Thanks to the continuous efforts of the past few decades, we inherit a considerable store of knowledge and research. Both the knowhow and the know-why of the defence technology are dominantly resident in government organisations. Though private industry has been increasing its penetration into the defence sector since 2001, there are still major gaps in R&D, testing infrastructure, system integration and other areas. As we strive to increase the private industry’s contribution, it is imperative upon the government to support them on a long term basis. After all, that is what all countries do. It requires handholding in various stages of the acquisition cycle ranging from R&D to validation and verification, manufacture, life cycle support and upgrades. Of course, long-term projections of how much of a particular piece of equipment are required, and a promise of stable orders is essential to make this industry viable.Many countries with a strong public sector defence industrial base relax state controls and increase privatisation. Private companies are made partners with public enterprises, not only in production but also in research. This has paid rich dividends not only in enhancing production, but in helping exports. This sort of long-term planning works well for the sector and also encourages more home-grown research and skill development, both of which require time to mature.
If our organisations could generate the intellectual property required for the design and manufacture of defence equipment – there is no reason why we can’t as we do not lack either brains or infrastructure – we could work out a supply chain system that drives profits back to us. The defence industry is tierised the world over. The system integrator researches and holds the IP, while the Tier I, Tier II and Tier III partners are strategically aligned with the system integrator. If we could apply such a model to defence, sourcing the smaller parts from MSMEs and have major companies make only the most critical components and integrate the final systems together, we have the blueprint for a viable and diverse industry that generates employment, profits and crucially, self-sufficiency.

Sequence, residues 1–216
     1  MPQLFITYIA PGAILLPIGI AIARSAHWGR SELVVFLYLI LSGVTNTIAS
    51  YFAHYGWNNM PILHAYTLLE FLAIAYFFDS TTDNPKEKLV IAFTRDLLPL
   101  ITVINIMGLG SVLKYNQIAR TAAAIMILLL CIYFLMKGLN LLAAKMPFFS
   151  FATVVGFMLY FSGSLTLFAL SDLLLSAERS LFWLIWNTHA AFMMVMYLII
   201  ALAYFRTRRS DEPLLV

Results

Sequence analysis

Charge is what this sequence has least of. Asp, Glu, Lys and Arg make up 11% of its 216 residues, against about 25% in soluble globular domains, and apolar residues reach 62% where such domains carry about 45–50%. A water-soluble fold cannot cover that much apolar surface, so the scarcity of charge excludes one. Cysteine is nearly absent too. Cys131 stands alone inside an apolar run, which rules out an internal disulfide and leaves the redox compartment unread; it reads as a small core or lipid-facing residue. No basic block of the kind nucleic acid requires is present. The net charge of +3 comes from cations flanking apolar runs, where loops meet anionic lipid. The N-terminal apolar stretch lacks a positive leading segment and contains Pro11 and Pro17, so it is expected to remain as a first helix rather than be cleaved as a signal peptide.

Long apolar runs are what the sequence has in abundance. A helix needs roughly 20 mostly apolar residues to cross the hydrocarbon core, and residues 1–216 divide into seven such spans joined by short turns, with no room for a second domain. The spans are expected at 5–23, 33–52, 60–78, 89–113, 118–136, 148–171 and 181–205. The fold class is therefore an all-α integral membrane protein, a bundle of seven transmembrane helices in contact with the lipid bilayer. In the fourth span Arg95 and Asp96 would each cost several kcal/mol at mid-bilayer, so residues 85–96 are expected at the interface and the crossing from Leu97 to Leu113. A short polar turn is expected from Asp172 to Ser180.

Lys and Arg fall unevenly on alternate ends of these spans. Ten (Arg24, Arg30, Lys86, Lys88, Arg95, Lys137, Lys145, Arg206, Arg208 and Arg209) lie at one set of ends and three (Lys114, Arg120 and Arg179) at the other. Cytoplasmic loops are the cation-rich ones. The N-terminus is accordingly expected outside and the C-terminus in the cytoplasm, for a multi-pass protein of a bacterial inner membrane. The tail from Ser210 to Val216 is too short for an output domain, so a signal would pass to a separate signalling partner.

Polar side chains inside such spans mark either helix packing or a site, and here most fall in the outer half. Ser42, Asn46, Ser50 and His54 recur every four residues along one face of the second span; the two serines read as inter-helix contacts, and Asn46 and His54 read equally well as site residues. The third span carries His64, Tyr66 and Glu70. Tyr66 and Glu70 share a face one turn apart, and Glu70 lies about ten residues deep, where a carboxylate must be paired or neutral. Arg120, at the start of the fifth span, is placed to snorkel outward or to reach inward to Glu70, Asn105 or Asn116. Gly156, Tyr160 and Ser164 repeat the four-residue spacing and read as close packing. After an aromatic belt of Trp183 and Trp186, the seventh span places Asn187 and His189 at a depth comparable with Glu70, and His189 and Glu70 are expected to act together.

The way forward
Imagine this: the government sets up an umbrella organisation with the sole aim of bolstering the indigenous defence production sector. DRDO, IISc, the IITs, CSIR, all contribute their research and their experts. DPSUs and Ordnance Factories offer their infrastructure. Private industries come in with their management skills and higher productivity. They take what is on offer and turn it into products with focused import of gap filling technologies, which the country then buys. The umbrella organisation balances all of these inputs and piece-by-piece puts together a resilient and ultimately coherent defence production base. We have all the moving parts already: the brains, the funds, the manpower and the infrastructure.
It is simply unviable to continue as the largest arms importer in the world. Those funds should not be leaving the country. They should be boosting our own economy. Our soldiers too deserve the very best we can give them and not two generations old technology bought from a foreign country that knows exactly what we have and how it works. If we can make our resources work for us, we will finally shake off that colonial hangover. It is high time we moved on from perishables and saddlery.
(Disclaimer: The views and opinions expressed in this article are those of the author and do not necessarily reflect the official policy or position of BharatShakti.in)